William Lee and the “I’m lucky to be alive” patient

William Lee In early November 2008 a woman in her 30s who lives alone in London decided that she wanted to die. She was depressed. She felt that she only suffered and caused suffering to others, and that she did not deserve to live. Yet from the outside her life seemed fulfilling and successful. A graduate building a career as a writer, she was still going about her daily affairs pretty much as normal, but she was unable to be happy and she could see no way out of her predicament. She was not sleeping well and had lost interest in food.

She investigated ways to die. The internet provided her with detailed instructions on how to kill herself using a plastic bag filled with helium which is reported (by advocates) to deliver a painless and certain death. On Friday 21 November she ordered a large disposable helium cylinder from an online retailer.

The cylinder cost £25 with £6 delivery in three days or £20 for next-day delivery. She wanted the next-day delivery, but there was not enough money on her pre-pay card so it was ordered for Monday 24 instead.

On Saturday 22 November she followed the instructions and made the bag using household objects.

On Sunday 23 November a friend phoned. They chatted (she could cover up her sadness for a while) and when they said goodbye she realised that that conversation would be their last and regretted this. This was the first doubt about dying she had had for many weeks.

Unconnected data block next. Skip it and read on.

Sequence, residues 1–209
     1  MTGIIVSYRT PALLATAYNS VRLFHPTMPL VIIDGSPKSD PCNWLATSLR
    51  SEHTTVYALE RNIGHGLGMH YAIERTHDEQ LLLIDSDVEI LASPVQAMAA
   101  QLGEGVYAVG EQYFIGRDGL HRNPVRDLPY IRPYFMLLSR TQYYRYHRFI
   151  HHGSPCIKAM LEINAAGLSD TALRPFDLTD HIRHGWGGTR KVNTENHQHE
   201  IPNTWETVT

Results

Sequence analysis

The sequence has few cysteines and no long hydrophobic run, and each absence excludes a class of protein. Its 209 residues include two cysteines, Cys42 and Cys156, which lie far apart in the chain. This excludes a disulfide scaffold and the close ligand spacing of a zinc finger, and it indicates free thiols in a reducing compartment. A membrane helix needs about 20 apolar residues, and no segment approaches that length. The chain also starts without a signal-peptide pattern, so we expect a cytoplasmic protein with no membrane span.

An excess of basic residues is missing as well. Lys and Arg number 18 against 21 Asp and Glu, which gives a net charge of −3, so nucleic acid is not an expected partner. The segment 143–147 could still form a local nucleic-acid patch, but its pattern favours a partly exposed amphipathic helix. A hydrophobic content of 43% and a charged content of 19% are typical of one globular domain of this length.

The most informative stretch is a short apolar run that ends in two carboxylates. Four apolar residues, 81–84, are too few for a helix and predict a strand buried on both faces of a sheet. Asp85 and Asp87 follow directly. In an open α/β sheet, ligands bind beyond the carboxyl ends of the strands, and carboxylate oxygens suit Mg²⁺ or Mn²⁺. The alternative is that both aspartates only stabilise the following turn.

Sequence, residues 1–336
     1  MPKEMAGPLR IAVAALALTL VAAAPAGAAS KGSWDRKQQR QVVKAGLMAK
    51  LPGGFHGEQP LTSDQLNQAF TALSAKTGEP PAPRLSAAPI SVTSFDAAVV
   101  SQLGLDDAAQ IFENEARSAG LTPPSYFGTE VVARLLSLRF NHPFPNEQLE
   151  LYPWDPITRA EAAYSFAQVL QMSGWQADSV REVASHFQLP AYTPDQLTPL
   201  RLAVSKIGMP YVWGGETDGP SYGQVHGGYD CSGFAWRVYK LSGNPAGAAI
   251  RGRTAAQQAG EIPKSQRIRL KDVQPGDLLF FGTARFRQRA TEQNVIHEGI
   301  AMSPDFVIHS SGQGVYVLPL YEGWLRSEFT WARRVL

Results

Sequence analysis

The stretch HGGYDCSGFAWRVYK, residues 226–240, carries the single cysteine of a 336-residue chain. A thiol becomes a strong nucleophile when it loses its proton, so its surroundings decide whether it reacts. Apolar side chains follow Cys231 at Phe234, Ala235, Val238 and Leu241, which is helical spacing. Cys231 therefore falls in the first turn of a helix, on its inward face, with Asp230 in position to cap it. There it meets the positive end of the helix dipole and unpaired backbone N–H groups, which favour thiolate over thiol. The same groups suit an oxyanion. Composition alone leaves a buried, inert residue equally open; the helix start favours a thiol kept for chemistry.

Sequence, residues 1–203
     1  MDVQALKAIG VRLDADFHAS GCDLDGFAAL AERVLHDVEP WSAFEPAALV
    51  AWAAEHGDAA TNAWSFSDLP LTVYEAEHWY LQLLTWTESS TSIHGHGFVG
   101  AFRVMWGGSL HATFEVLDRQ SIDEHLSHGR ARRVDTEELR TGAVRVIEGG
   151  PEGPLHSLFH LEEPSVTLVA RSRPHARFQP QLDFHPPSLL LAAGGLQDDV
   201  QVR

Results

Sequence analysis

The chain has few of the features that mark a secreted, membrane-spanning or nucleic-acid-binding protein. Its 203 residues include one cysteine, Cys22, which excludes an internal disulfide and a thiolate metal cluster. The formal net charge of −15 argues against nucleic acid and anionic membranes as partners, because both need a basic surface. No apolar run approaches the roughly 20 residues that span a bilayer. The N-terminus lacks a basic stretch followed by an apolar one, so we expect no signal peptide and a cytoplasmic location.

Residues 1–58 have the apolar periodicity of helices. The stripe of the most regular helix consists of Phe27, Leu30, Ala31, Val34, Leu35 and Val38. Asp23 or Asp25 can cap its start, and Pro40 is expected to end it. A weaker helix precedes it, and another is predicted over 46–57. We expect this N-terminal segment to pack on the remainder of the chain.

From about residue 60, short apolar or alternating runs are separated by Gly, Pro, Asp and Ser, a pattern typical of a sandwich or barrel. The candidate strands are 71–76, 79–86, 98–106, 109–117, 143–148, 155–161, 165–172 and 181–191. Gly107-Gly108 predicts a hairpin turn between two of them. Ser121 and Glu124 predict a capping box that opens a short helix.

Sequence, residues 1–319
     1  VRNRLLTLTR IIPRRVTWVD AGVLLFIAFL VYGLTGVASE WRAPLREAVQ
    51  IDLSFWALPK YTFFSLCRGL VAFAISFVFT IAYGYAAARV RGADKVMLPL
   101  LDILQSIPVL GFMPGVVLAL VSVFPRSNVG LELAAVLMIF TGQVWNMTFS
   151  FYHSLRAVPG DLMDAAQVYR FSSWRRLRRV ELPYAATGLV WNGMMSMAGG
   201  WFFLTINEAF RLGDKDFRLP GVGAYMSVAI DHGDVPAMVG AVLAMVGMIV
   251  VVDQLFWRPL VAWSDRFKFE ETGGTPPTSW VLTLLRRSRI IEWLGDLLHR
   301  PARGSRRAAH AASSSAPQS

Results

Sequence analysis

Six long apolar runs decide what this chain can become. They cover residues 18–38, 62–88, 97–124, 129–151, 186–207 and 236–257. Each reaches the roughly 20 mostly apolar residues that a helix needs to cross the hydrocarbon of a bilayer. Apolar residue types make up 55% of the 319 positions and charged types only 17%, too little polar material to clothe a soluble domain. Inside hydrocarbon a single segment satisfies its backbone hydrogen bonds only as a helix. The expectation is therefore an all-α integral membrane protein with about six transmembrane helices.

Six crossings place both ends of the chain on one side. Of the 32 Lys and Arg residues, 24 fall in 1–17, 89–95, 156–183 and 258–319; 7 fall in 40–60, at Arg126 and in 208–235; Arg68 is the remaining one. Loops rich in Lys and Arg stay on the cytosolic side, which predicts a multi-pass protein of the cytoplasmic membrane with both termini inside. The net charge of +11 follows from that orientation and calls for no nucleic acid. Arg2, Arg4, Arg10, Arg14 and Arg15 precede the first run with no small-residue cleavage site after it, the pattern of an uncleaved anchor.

Next morning, the day she had decided to die, she was full of conflict and ambivalence. Life was not worth it, but never seeing her friends or her family again was not desirable either. She had thought about it for much of the night in her own silent agony. The early morning sounds of the street outside gave her a nudge, and she walked the short distance to her local accident and emergency department for help. She was seen by the psychiatric team there and was able to tell her whole story to a friendly and patient psychiatric nurse. She felt a little better.

Later in the day she was taken home by one of the team of nurses who would care for her there as part of the home treatment service. On the doorstep was the helium cylinder. It had been delivered at 9am, an hour after she had left for the hospital. The woman would not touch it and asked the nurse to take it away. The next day I saw her, and while I was there I asked about the bag. She gave it to me, relieved to have it out of her home.

A week later I asked her how she felt about these events. She told me she was still shocked by it all, but was getting back to her writing, was seeing friends a little, exercising, and working out what she wanted to do with her life, which she was now glad to have. She told me that it was scary how close she came to dying, that her death had seemed so inevitable then. She was happy that the combination of factors which kept her alive that weekend had come together as they did. She listed them – not having enough money for the overnight delivery of the cylinder, her friend phoning, the cylinder not being delivered until she had already left for the hospital. “I’m lucky to be alive.” she said.